Posts Tagged ‘antidepressants’

We give some advice on mental illness…

March 29, 2017

I was asked whether my own experience provided any guidance for a friend whose daughter, a student, had returned home from university apparently suffering from depression:

I did indeed suffer from severe depression (accompanied by anxiety) 30 or so years ago when you used to kindly come and visit me in the hospital in [a place] whose name I’ve forgotten. Since then, I’ve suffered from it  more mildly on a few occasions.  (I think I the most serious episode was when I had five days off work while waiting for the pills to take effect.)

I personally find that antidepressants have always worked for me.   Apart from that, a lot of the process of getting through mental illness (indeed illness generally) is finding someone who you can talk to, who will listen to you and take you seriously.  I had a very nice lady doctor in [a place] who managed to sell me me on various things by saying that especially if you were clever you could convince yourself that depression was all kind of terrible things but it was just depression.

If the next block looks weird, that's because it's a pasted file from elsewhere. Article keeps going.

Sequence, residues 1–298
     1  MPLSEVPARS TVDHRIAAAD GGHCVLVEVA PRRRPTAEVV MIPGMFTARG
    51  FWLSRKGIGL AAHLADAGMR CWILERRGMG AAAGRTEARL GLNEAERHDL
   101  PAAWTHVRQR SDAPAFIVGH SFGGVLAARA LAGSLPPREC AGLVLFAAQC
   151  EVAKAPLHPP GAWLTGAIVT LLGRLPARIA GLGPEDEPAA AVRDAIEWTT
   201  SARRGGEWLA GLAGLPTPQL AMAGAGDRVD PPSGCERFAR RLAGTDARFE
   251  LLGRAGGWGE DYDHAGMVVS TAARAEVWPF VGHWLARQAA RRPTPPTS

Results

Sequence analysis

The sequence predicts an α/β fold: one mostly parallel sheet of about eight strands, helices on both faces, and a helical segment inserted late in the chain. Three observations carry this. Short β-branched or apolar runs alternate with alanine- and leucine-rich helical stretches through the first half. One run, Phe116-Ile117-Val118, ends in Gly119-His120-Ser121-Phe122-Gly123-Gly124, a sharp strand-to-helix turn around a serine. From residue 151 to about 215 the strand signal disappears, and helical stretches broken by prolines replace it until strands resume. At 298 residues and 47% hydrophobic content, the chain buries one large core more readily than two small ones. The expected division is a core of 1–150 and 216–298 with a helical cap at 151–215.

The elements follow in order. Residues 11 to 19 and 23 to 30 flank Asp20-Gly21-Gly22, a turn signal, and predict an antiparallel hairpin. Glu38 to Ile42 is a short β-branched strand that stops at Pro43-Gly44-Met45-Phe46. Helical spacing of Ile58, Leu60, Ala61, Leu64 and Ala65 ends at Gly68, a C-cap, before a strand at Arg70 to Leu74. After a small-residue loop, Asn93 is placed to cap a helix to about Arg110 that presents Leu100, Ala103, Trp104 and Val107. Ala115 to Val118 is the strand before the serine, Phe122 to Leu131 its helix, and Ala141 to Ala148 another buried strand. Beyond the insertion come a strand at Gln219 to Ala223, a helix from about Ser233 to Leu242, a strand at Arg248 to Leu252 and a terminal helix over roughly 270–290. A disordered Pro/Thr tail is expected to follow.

It’s important to reach the stage of understanding that this is it, which means that it’s not going to go away but also it’s not going to turn into something fantastically worse.  I think it’s useful to have contact with people in the same kind of situation as yourself, but I believe (this may be a London thing) that nowadays inpatient mental health facilities are often occupied largely by dual diagnosis cases (drug use and mental illness) and so aren’t particularly pleasant.  Actually, that’s not only London but also NHS, so probably beside the point. In my day, a lot of the clientele were nice young women suffering from bipolar disorder and as long as they were taking their lithium they were perfectly charming.

I have no real experience of either talking therapies or ECT, so can’t say much about therapeutic possibilities outside pills. It’s certainly the case that whatever the  underlying mechanism is, severe episodes are initiated by stress of some kind, so it’s worthwhile avoiding that.  I think that something like a rest cure in a simplified, predictable environment ought to do some good–it did some good in the days when there were no effective specific treatments.  One should avoid alcohol and other recreational chemicals–at best they impede the process of things getting better naturally.

I hope this answers your questions, as far as my experience is relevant.  What strikes me from re-reading your letter is that you say [your daughter] had been self-harming for years as of a year ago.  That suggests something starting in adolescence, which is a different mechanism from the one I am well acquainted with of having a severe initial episode as a young adult and less severe recurrences through adult life.